McALLEN — At 850 degrees, turning dough into a sizzling thin-crust pizza takes just 90 seconds.
The killer ingredient, though, isn’t local produce or the dough fresh from a Palmview bakery. It’s Alberto Gulino’s wood-fired pizza oven, which he hauls around behind a black-and-gray pickup truck.
“Nobody’s really tasted wood-fired pizza down here,” said Gulino, 40, a teacher at IDEA Public Schools who owns Rio Pizza.
Oak and mesquite smoke lend the handmade pizzas a hint of barbeque. Combined with whole-wheat crust and local ingredients — chorizo and farm-fresh vegetables — they’ve made Gulino’s pizzas a hit.
After attracting attention at local farmers markets, Gulino said he’s ready for the next step: Investing in a full-fledged food truck.
Last month, the McAllen City Commission approved a pilot program designed to slowly introduce food trucks, starting with 12 “mobile food vendor” permits.
Vendors may operate from 6 a.m. to 3 a.m., according to the food truck ordinance. If operating from private property, the food truck must have written permission from the owner. Food trucks parked on public streets must move every 30 minutes.
While many people have picked up the required paperwork, McAllen hasn’t received a complete application, said city Health and Code Compliance Director Josh Ramirez.
On Friday, three or four applicants had submitted nearly complete paperwork, Ramirez said. Some still needed written permission from private property owners and others hadn’t acquired their food trucks — and had the vehicles inspected.
“But it's a great thing,” Ramirez said. We’re looking forward to it.”
Other Rio Grande Valley cities, including Brownsville, already allow food trucks. In Austin, both stationary and mobile vendors attract foodies from across Texas.
Austin requires food trucks to be “constructed of smooth, durable, easily cleanable surfaces,” according to guidelines available on the city’s website. For workers, Austin also requires food trucks to have a “restroom facility agreement” with a nearby building.
Brownsville also regulates the construction of food trucks, which must have approved door types and window screens. Mobile vendors also must have warning lights and reflectors, among other safety features. Brownsville even regulates the clothing worn by food truck workers. Shorts and “muscle shirts” aren’t allowed.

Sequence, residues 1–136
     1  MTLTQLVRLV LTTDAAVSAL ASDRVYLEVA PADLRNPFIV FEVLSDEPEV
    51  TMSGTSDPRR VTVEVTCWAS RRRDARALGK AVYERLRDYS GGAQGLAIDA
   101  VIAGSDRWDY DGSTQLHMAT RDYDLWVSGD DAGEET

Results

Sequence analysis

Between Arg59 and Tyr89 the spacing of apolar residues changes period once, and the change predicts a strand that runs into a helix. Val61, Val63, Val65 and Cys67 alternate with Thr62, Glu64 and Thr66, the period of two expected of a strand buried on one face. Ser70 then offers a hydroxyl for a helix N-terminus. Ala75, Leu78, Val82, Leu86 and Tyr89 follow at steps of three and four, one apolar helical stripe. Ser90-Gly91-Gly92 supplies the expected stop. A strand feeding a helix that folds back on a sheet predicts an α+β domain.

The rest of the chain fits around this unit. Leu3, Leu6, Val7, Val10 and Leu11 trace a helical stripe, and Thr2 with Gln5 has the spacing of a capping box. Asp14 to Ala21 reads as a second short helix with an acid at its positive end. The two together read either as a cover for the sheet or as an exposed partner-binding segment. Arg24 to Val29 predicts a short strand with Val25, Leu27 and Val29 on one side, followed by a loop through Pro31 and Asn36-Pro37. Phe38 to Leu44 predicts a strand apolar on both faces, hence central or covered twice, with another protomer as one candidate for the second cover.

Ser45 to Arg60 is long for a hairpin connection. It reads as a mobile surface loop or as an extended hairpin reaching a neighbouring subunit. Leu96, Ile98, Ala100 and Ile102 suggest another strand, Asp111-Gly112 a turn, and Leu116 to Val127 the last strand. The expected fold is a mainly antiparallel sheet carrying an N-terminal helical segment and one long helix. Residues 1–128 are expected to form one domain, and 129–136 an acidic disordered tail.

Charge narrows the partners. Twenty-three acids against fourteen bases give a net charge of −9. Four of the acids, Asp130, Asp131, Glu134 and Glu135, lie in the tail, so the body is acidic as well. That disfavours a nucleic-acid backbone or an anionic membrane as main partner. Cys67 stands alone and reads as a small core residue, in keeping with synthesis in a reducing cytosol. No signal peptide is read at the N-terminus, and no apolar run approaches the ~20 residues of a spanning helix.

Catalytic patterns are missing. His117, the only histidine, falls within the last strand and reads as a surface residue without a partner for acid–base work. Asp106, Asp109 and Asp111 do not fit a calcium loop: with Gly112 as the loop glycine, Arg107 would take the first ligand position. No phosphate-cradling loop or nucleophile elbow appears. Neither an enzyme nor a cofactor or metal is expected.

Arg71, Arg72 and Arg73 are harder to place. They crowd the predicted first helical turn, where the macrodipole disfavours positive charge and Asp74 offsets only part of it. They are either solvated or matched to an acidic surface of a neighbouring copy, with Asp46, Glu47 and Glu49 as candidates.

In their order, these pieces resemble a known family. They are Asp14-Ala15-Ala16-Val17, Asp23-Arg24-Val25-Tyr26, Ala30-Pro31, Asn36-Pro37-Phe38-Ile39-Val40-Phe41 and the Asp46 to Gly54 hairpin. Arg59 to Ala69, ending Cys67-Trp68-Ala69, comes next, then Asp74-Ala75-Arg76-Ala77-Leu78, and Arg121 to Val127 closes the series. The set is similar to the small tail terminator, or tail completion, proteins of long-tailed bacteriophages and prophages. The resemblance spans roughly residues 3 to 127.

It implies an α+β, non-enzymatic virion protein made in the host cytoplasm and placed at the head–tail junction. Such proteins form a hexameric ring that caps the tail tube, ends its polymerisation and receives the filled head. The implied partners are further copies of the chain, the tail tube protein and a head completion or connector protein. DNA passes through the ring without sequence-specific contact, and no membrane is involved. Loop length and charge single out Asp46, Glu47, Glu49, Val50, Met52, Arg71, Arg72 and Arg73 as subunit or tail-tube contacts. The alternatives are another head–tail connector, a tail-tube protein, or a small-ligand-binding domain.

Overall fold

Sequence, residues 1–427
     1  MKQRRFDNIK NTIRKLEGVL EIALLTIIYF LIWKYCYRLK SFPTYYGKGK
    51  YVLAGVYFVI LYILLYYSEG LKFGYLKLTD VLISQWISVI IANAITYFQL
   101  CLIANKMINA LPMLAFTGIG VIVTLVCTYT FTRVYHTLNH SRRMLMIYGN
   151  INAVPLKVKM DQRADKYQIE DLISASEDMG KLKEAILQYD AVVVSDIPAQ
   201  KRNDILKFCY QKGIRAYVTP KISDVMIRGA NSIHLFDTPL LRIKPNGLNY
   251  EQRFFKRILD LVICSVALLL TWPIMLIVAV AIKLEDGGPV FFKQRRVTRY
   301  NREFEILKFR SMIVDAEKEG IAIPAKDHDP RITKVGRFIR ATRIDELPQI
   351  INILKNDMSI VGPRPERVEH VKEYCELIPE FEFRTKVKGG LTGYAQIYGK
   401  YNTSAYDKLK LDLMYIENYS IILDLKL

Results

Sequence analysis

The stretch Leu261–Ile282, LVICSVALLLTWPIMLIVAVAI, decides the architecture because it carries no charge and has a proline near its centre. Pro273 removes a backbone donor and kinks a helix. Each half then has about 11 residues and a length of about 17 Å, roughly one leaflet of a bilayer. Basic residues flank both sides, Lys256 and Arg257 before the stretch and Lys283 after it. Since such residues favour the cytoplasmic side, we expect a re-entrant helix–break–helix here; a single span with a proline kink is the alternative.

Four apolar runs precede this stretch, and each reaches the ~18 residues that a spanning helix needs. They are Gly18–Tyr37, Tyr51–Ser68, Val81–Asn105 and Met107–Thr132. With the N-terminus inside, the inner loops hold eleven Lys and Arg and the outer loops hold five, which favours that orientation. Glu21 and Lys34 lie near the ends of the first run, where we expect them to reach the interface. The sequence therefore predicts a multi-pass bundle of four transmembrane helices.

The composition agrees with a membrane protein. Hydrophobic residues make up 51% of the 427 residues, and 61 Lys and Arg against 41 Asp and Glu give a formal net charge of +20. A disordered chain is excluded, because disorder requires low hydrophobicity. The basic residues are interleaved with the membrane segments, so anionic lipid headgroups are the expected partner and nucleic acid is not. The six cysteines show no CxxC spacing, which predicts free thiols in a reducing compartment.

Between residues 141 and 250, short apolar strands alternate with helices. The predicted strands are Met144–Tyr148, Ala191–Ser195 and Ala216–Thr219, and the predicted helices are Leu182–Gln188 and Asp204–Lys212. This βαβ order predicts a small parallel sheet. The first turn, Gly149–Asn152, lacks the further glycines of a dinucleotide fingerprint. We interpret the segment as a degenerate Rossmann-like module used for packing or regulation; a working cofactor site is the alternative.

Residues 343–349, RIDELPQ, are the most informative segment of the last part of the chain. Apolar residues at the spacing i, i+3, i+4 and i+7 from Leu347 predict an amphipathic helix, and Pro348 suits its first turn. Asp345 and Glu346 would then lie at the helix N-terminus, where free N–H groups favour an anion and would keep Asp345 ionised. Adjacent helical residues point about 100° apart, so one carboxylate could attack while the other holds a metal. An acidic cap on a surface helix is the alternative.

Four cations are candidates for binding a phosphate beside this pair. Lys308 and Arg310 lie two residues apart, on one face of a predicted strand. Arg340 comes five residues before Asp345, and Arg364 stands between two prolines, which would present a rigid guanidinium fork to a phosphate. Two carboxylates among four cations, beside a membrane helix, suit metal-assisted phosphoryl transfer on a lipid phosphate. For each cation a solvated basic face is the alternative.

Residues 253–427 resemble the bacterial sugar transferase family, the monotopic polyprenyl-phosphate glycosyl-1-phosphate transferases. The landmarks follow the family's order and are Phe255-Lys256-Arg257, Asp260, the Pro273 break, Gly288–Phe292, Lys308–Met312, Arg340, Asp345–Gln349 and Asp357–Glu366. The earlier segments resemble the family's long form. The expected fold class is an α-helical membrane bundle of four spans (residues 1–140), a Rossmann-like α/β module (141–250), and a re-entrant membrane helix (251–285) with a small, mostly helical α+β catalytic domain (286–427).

In McAllen, the city’s 12-page ordinance doesn’t regulate food truck construction, but does establish common-sense rules.
Food trucks may not operate at public parks with competing concessions or within 100 feet of a restaurant’s main entrance. McAllen also requires food trucks to have trash receptacles for customers and have an off-site area for food storage and cleaning supplies.
McAllen’s new food truck rules convinced Gulino, the teacher who runs Rio Pizza, to upgrade from a mobile oven to a 20-foot, full-service trailer from Rocky Mountain Wood-Fired Ovens. The Colorado-based company sells trailers starting at $40,000.
It’s a longtime goal for Gulino, whose parents ran pizzerias in Michigan and Italy.
“I grew up in that, and kinda cooked my way through college,” Gulino said, before becoming a teacher.
Recently, Gulino started cooking wood-fired pizzas at home and served them to friends. Gradually, the hobby grew into Rio Pizza, which sells hand-made pizzas at farmers markets and caters special events.
On Saturday, Gulino had a steady crowd outside the McAllen library’s weekly farmers market and three people helping from an adjacent tent.
The trailer should be ready in April, Gulino said, and he expects to receive a permit shortly afterward.
“There really isn’t a pizza culture here,” Gulino said. “We’re trying to start one.”
Dave Hendricks covers McAllen and general assignments for The Monitor. He can be reached at email@example.com and (956) 683-4452.